Just a little FYI, security clearances have an end date. Two examples are secret and top secret. for a secret clearance, it lasts for 10 years. and for a top secret clearance, it lasts for 5 years. when it is about a year out from its expiration you need to go through the process of being investigated again to renew your clearance.
For high-level government individuals who come in without a clearance, they are given priority and can be given interim clearances that last for a year or so anyhow. I'm pretty sure that federal elected officials gain their clearance upon being elected, and it is very hard for them to lose it.
Also, just because you have a clearance does not mean you have access to information. All information is need-to-know. You need the clearance to be allowed access to sensitive information. So someone who leaves a job or even gets fired can find a job again where their clearance can be used, but they can't just demand information because they have a clearance, or have access to a secure location. The clearance allows for the permission to be given for the access, its not the permission for the access itself.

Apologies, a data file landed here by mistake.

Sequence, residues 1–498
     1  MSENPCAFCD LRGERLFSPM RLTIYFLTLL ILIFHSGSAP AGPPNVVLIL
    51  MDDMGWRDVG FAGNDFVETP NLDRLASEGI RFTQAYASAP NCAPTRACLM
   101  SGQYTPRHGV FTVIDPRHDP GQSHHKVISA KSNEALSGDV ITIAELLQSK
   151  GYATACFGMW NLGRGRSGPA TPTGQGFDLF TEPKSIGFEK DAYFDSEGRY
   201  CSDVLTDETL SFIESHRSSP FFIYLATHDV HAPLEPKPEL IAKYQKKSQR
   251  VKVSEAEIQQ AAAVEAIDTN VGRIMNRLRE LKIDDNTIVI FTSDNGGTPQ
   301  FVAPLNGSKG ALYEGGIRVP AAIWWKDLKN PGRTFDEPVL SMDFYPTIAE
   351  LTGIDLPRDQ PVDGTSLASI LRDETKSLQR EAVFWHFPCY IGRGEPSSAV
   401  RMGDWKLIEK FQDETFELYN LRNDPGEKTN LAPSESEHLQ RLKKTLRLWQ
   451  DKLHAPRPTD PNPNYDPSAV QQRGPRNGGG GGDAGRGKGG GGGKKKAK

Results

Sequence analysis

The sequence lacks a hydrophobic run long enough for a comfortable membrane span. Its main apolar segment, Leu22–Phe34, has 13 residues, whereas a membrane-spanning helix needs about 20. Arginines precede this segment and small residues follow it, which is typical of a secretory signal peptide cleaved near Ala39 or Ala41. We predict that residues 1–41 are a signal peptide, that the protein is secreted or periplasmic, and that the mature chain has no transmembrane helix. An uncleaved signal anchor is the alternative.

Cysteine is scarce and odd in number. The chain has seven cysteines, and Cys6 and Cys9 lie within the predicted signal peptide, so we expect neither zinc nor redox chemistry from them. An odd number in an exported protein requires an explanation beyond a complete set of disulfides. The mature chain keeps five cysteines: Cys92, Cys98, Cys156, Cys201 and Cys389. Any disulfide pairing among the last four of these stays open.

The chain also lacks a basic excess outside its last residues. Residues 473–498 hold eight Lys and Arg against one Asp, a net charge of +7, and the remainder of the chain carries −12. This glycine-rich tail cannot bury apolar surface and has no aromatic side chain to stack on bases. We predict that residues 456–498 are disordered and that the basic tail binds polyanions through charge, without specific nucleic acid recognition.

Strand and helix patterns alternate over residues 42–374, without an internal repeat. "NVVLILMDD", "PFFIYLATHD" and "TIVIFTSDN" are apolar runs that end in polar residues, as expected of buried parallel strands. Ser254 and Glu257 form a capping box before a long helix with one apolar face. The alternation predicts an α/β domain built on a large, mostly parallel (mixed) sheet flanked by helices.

So people like Brennan can't do anything with their clearance other than using it to get a job that requires it anyhow. If a new administration came into power he could also get his clearance reinstated upon review.